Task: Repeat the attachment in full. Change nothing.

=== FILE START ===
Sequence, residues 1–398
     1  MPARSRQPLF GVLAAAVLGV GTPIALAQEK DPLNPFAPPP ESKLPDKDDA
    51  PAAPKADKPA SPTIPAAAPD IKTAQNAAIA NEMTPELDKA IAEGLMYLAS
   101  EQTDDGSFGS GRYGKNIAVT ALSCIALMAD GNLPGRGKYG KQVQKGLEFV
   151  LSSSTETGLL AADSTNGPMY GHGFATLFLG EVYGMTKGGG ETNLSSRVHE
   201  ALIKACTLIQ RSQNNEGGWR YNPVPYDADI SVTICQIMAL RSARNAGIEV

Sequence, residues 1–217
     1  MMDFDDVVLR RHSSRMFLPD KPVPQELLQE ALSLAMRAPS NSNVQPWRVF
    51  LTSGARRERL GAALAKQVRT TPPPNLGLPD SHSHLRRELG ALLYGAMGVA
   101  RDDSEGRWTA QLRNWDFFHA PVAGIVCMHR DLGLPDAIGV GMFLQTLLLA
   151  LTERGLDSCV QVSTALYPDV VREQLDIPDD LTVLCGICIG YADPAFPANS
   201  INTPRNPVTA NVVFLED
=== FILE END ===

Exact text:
Sequence, residues 1–398
     1  MPARSRQPLF GVLAAAVLGV GTPIALAQEK DPLNPFAPPP ESKLPDKDDA
    51  PAAPKADKPA SPTIPAAAPD IKTAQNAAIA NEMTPELDKA IAEGLMYLAS
   101  EQTDDGSFGS GRYGKNIAVT ALSCIALMAD GNLPGRGKYG KQVQKGLEFV
   151  LSSSTETGLL AADSTNGPMY GHGFATLFLG EVYGMTKGGG ETNLSSRVHE
   201  ALIKACTLIQ RSQNNEGGWR YNPVPYDADI SVTICQIMAL RSARNAGIEV

Sequence, residues 1–217
     1  MMDFDDVVLR RHSSRMFLPD KPVPQELLQE ALSLAMRAPS NSNVQPWRVF
    51  LTSGARRERL GAALAKQVRT TPPPNLGLPD SHSHLRRELG ALLYGAMGVA
   101  RDDSEGRWTA QLRNWDFFHA PVAGIVCMHR DLGLPDAIGV GMFLQTLLLA
   151  LTERGLDSCV QVSTALYPDV VREQLDIPDD LTVLCGICIG YADPAFPANS
   201  INTPRNPVTA NVVFLED